News of the rescue, the baby and the dog reached the offices of the Cornerbrook Western Star.  The editor of the Star was also an Associated Press correspondent.  He wired the story to the AP headquarters in the US where The Philadelphia Ledger picked it up.  The Ledger’s editor took great interest in the story as he had visited the area the summer before.

Following the running of the story, a group in Philadelphia had a collar made complete with a silver medallion, Starry Cross, for presentation to the dog of Reuben Decker. The collar had a silver plate attached with the designation “HERO”.

The collar and medal were presented to Decker in 1920.

In 1923 the “sick soldiers of Camp Hill Hospital in Halifax awarded a silver cross to the hero-dog and that cross was also attached to the collar.  What is the relationship of the hospital to the collar? We do not know at this time.  Was an owner of the dog and collar a patient or on staff at Camp Hill Hospital?

In 2000, Dottie Olson has that collar, complete with silver plate and two medallions in Wrangell, Alaska.

How it got the other side of the continent is a mystery solved.  We shall get to that later in this article.

The major controversy of the wreck of the SS Ethie story is whether in fact a dog was even involved with the rescue.  And if a dog was involved, was it a Newfoundland dog or a crossbreed collie?  Was the dog pictured at below Reuben Decker’s dog?  This photograph was found in the same trunk (discussed later in this story) as the collar!

Twenty years after the rescue of the SS Ethie, Newfoundland writer Cassie Brown traveled to the western peninsula to interview persons from the shipwreck.  She has written that, based on her interview with the First Officer of the SS Ethie, the story of the Newfoundland dog was an embellishment of the facts as told by one of the coalman after the rescue.  This is story number one that is championed by Newfoundland author and publisher, Garry Cranford.

Story number two is that Reuben Decker’s dog, a cross-breed collie (see the photo at the right), named Wisher or Tang, was at the scene of the wreck and described as the dog from Newfoundland.  Wisher, however, was not involved in the rescue, according to Garry Cranford.

Story number three comes from Newfoundland writer Michael McCarthy.  Shortly after telling the story of the SS Ethie on radio, he received a phone call from what he remembered as the wife or daughter of the late Captain English.  She said that not only was a Newfoundland dog involved in the rescue but also it was their (the English’s) dog who was lowered over the side to take ashore the rope.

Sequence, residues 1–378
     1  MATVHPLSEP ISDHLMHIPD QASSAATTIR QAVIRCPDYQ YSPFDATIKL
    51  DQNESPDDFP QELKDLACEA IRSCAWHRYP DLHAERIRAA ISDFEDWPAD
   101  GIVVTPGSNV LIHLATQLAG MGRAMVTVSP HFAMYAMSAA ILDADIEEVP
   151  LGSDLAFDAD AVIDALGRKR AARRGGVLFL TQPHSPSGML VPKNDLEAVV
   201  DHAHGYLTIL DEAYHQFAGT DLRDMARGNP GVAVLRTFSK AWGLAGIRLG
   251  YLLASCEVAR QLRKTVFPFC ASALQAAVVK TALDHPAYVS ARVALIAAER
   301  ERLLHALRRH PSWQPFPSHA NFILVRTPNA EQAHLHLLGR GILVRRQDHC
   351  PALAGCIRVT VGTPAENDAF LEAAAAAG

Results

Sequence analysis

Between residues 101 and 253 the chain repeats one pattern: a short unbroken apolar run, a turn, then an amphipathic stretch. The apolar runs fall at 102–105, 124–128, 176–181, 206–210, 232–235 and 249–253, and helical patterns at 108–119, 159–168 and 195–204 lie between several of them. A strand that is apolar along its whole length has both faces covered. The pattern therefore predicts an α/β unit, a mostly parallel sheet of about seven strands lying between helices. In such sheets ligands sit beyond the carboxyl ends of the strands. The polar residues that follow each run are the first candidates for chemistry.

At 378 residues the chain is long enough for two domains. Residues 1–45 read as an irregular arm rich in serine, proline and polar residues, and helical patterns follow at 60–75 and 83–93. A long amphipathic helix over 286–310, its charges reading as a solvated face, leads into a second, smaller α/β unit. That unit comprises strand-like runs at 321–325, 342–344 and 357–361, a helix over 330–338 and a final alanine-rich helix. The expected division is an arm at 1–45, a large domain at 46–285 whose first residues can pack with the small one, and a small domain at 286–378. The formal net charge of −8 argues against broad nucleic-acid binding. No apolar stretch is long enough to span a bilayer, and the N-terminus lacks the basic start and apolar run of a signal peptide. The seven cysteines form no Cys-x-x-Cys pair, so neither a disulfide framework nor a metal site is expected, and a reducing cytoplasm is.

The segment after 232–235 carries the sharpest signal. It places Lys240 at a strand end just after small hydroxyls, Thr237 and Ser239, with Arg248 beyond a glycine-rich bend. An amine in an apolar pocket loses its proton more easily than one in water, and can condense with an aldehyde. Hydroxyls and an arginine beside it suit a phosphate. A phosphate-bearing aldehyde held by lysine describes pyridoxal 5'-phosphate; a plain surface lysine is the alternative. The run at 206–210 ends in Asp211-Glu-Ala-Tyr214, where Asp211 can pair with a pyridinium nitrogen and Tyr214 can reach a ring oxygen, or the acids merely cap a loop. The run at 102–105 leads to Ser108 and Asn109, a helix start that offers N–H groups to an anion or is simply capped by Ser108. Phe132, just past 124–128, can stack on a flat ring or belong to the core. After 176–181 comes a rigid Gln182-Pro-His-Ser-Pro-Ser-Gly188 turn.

What is the truth?  I doubt we will ever know.  But the story of the SS Ethie lives on in print, on the stage and in the hearts of many Newfoundlanders and dog-lovers all over the world.

But how did the collar get from Newfoundland to Dottie Olson’s Roadhouse in Alaska?

What we know is that Reuben Decker sold both the dog and the collar to William Orum of Saint John, New Brunswick for about $60.00.  Orum’s intent was to put the dog on display to make few dollars.  That was the last time the collar was seen in Newfoundland.

In fact that is the last record we have of the collar until it shows up in Alaska.

Dennis “Dinty” Kane arrived to Wrangell in 1923 with a large dog and a collar and metals designating the dog as a Hero.  He lived in a rough hut with no heating or cooking facilities.  According to Sue Bradley, a former resident of Wrangell, on really cold nights Kane and his big brownish-black dog (Sue called the dog “King”) would curl up next to the stove in the Bradley house to stay warm.

Sue used to enjoy riding on the back of the big dog and playing with the collar and metals.

Dennis Kane was a common laborer who probably came west from New Brunswick to find his fortune in the Cassiar Gold fields in western BC.  Although we cannot say, he probably road the rails across Canada with thousands of other depression-era migrants who went in search of fortune in the gold fields of the west.  My sources have told me that when he left New Brunswick Kane left behind a family including two sons.  I wonder if the Kane boys (or their relatives) are alive today?

Wrangell, in south eastern Alaska, was a pivotal point in the trek to the interior of BC.  Ships laden with supplies and prospectors steamed north from Vancouver and dumped their load near the mouth of the Stikine River at Wrangell.  The Stikine River is the fastest flowing navigable river in North America.  Its incredible speed is also its worst enemy.  The Stikine is eroding year by year.  The eroded silt of the river deposits at the mouth cause mud flats to build up.  These mud flats make the river accessible only at high tide.  Even at high tide parts of the flats are as little as 18 inches below the surface.   Special ships and special captains were needed to get the barges up river to the gold fields.

Why Dennis Kane stayed in Wrangell instead of going inland could be as simple as running out of money.  We shall never know because the major players in this part of the drama have all passed on.  Sue Bradley is one of the few persons who have any recollection of Kane.  However she was very young at that time.

Kane died under some suspicious circumstances in Wrangell in 1931.  He is buried in the local cemetery after a funeral which was paid for by a group of local citizens.  His grave stone, pictured at left, is very unique.  It is a type of cement with little stones imbedded to spell out Kane’s name, date of birth and death.  There are also a few symbols in evidence.